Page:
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Frances Jiggins



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The Road Not Taken: Could Stress-Specific Mutations Lead to Different Evolutionary Paths?

The evolutionary trajectories of organisms are paved with mutations, which generate the raw material (genetic variation) essential for evolutionary change. In biology class, we learn that mutations are random: the probability that a mutation occurs is independent of its fitness effect (i.e., its impact on individual survival or reproduction). As Luria and Delbruck famously showed [1], bacterial mutations that confer resistance to a virus continually arise in a population before exposure to the virus; under subsequent viral infection, these mutations spread in the population.

The Spread of Wolbachia through Mosquito Populations

In 2008, 2 groups of researchers independently reported that a bacterial symbiont called Wolbachia made Drosophila resistant to RNA viruses [1,2]. This added to a growing list of symbionts that act as an ‘accessory immune system’, protecting insects against infection. However, both groups realized that the significance of their results went beyond insect immunity and potentially provided a new way to control mosquito-borne viruses.

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The Road Not Taken: Could Stress-Specific Mutations Lead to Different Evolutionary Paths?

The evolutionary trajectories of organisms are paved with mutations, which generate the raw material (genetic variation) essential for evolutionary change. In biology class, we learn that mutations are random: the probability that a mutation occurs is independent of its fitness effect (i.e., its impact on individual survival or reproduction). As Luria and Delbruck famously showed [1], bacterial mutations that confer resistance to a virus continually arise in a population before exposure to the virus; under subsequent viral infection, these mutations spread in the population.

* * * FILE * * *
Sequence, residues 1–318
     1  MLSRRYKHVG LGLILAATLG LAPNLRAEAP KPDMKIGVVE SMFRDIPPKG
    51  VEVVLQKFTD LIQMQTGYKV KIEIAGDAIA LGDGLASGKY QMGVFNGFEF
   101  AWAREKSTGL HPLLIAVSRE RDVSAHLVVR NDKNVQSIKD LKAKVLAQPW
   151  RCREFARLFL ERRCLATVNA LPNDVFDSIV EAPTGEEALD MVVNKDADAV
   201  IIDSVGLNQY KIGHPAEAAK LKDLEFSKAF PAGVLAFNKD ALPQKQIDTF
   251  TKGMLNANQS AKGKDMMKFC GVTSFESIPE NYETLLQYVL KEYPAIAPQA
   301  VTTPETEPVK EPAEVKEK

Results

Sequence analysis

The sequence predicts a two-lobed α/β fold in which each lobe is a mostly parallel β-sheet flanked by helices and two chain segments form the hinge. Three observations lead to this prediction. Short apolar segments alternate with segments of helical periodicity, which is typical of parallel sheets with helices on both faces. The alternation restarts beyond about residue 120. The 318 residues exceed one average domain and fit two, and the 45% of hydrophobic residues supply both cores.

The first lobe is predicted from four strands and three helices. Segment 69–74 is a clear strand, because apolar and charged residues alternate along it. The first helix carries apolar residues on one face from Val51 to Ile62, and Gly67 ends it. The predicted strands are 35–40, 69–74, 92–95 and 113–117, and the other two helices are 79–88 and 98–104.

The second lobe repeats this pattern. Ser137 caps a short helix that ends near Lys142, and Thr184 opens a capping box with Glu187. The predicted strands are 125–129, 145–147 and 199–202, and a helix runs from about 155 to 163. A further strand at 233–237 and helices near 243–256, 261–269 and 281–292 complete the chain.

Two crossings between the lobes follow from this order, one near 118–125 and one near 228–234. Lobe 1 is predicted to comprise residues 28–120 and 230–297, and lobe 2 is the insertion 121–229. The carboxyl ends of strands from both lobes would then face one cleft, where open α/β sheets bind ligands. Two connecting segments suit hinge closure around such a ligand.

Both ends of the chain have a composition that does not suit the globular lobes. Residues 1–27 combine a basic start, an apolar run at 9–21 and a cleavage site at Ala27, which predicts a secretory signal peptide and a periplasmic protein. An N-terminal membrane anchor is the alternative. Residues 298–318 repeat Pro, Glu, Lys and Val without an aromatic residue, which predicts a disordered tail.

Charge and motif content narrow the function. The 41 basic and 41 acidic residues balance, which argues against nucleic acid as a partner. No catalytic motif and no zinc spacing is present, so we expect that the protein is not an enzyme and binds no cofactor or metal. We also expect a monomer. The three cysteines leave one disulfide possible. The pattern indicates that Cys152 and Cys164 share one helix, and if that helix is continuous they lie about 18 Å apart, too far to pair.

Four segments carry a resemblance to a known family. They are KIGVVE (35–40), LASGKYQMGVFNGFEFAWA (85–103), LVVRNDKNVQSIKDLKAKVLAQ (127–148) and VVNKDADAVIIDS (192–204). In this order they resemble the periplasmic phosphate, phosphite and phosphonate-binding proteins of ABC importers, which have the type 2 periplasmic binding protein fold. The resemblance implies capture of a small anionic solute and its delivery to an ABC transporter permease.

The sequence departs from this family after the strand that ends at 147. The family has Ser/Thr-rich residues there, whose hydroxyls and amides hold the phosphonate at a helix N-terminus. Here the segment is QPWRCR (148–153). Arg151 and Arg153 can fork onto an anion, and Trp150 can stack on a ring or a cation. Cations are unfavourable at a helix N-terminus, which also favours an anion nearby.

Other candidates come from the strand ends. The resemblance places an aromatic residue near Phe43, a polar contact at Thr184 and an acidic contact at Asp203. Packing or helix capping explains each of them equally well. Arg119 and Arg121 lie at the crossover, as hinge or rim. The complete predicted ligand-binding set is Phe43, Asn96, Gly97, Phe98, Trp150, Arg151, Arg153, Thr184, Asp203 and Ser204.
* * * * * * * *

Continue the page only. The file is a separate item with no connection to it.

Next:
The Spread of Wolbachia through Mosquito Populations

In 2008, 2 groups of researchers independently reported that a bacterial symbiont called Wolbachia made Drosophila resistant to RNA viruses [1,2]. This added to a growing list of symbionts that act as an ‘accessory immune system’, protecting insects against infection. However, both groups realized that the significance of their results went beyond insect immunity and potentially provided a new way to control mosquito-borne viruses.

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The Spread of Wolbachia through Mosquito Populations

In 2008, 2 groups of researchers independently reported that a bacterial symbiont called Wolbachia made Drosophila resistant to RNA viruses [1,2]. This added to a growing list of symbionts that act as an ‘accessory immune system’, protecting insects against infection. However, both groups realized that the significance of their results went beyond insect immunity and potentially provided a new way to control mosquito-borne viruses.

The Road Not Taken: Could Stress-Specific Mutations Lead to Different Evolutionary Paths?

The evolutionary trajectories of organisms are paved with mutations, which generate the raw material (genetic variation) essential for evolutionary change. In biology class, we learn that mutations are random: the probability that a mutation occurs is independent of its fitness effect (i.e., its impact on individual survival or reproduction). As Luria and Delbruck famously showed [1], bacterial mutations that confer resistance to a virus continually arise in a population before exposure to the virus; under subsequent viral infection, these mutations spread in the population.

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